[1] II. Although the statement was not necessarily determinative of the case it was stated in In re Estate of Heckmann, 228 Iowa 967, 974, 291 N.W. 465, 468: "There is also the recognized rule that a conveyance terminates a joint tenancy." It will thus appear this court there gave consideration to the question whether a conveyance terminated a joint tenancy. And in Wood, admr. v. Logue, 167 Iowa 436, 441, 149 N.W. 613, 615, Ann. Cas. 1917B 116, this court again referred to the effect of a conveyance of an interest in joint tenancy and stated: "Even at common law it is within the power of either tenant to sever the joint character of the title by conveying or otherwise disposing of his right or share to a third person [citing authorities]."

In Fleming v. Fleming, supra, at page 82 of 194 Iowa, page 950 of 174 N.W., this court referred to the manner in which a joint tenancy might be severed: "While the tenants are considered as one person, and the estate joint, yet each of the tenants has a moiety interest. Or, in other words, while each joint tenant is regarded as having the whole of the estate, his interest in the estate may be put to an end or severed during his life. Each joint tenant, during his life, may dispose of his share by the usual modes of conveyance; but if he die without making such disposition, the title to the thing which is the subject of the joint tenancy remains in the survivor or survivors, free from the share or moiety of the one who dies."

It will thus appear this court has, indirectly, if not by direct holding, adhered to the general rule a conveyance terminates a joint tenancy.

The text authorities hold the conveyance of an interest by a joint tenant in favor of a stranger necessarily destroys the unity of title. Tiffany, Real Property, Third Edition 1939, Volume 2, section 425, page 209; Thompson on Real Property, Permanent Edition, section 1780, page 317.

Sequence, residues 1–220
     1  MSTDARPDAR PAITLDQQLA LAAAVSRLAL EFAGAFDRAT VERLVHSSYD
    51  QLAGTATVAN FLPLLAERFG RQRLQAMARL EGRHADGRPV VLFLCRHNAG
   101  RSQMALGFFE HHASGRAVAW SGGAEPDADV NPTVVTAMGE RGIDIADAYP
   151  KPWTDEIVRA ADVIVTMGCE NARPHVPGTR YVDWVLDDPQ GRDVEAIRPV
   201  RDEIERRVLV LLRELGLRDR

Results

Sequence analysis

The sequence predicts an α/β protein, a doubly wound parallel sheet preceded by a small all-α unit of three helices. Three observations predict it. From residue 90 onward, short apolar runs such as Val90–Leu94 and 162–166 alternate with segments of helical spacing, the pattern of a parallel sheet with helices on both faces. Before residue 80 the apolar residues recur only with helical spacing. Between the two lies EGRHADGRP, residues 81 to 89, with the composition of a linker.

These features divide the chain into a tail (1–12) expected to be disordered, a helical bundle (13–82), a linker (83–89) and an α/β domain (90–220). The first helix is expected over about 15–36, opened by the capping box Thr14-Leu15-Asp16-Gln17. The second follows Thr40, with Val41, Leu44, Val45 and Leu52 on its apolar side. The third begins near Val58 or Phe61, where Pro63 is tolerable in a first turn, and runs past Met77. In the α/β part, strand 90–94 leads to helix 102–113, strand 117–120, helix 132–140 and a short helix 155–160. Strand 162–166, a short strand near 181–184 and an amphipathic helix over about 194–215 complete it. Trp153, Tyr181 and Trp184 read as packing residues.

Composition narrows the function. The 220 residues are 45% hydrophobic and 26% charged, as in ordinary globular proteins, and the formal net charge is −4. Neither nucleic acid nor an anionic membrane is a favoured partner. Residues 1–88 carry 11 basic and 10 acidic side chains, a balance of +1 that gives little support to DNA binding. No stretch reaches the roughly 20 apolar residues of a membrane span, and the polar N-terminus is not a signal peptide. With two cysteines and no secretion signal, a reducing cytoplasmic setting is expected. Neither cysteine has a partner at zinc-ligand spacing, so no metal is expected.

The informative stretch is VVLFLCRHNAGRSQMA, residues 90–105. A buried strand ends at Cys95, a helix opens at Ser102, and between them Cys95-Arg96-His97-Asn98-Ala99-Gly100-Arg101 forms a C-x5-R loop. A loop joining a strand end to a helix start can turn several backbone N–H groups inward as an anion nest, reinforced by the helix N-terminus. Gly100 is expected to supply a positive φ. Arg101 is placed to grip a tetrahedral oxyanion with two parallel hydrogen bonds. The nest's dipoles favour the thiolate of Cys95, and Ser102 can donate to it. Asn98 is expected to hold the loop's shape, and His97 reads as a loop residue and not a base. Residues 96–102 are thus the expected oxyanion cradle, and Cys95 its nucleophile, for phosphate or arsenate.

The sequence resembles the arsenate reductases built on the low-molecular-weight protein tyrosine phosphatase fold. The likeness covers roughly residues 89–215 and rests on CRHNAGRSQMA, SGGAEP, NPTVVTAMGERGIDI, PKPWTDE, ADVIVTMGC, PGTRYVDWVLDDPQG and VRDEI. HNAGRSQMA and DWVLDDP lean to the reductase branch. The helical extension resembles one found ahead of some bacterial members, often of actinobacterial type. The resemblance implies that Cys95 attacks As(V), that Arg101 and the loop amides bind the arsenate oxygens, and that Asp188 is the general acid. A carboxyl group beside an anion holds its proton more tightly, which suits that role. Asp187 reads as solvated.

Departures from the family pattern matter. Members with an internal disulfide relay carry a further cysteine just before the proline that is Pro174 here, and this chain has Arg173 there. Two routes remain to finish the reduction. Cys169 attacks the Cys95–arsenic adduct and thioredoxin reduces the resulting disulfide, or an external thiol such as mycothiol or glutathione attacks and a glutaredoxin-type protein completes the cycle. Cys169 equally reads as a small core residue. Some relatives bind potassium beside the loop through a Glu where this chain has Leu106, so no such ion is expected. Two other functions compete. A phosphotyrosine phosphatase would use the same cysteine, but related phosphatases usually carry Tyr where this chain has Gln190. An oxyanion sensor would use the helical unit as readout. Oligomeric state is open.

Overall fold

Other authorities bearing on the question of the severance of joint tenancy by conveyance of the interest of a joint tenant are: Stanger v. Epler, 1955, 382 Pa. 411, 115 A.2d 197, 200; Estate of Brockway v. Commissioner of Internal Revenue, 1954, 9 Cir., Cal., 219 F.2d 400; Klouda v. Pechousek, 1953, 414 Ill. 75, 110 N.E.2d 258, 261; Shelton v. Vance, 1951, 106 Cal.App.2d 194, 234 P.2d 1012, 1014; Shockley v. Halbig, 1950, 31 Del. Ch. 400, 75 A.2d 512, 513; Klajbor v. Klajbor, 1950, 406 Ill. 513, 94 N.E.2d 502, 504; Berry v. Berry's Estate, 1949, 168 Kan. 253, 212 P.2d 283, 286; Mulvanity v. Nute, 1949, 95 N.H. 526, 68 A.2d 536, 538; Ball v. Mann, 1948, 88 Cal.App.2d 695, 199 P.2d 706, 708; Hammond v. McArthur, 1947, 30 Cal.2d 512, 183 P.2d 1, 2, 3; Kozacik v. Kozacik, 1946, 157 Fla. 597, 26 So.2d 659, 661; American Oil Co. v. Falconer, 1939, 136 Pa. Super. 598, 8 A.2d 418, 421. See also annotations 129 A.L.R. 814 and cases cited; 14 Am. Jur., Cotenancy, section 14, pages 86, 87; 48 C.J.S., Joint Tenancy, section 4, page 928.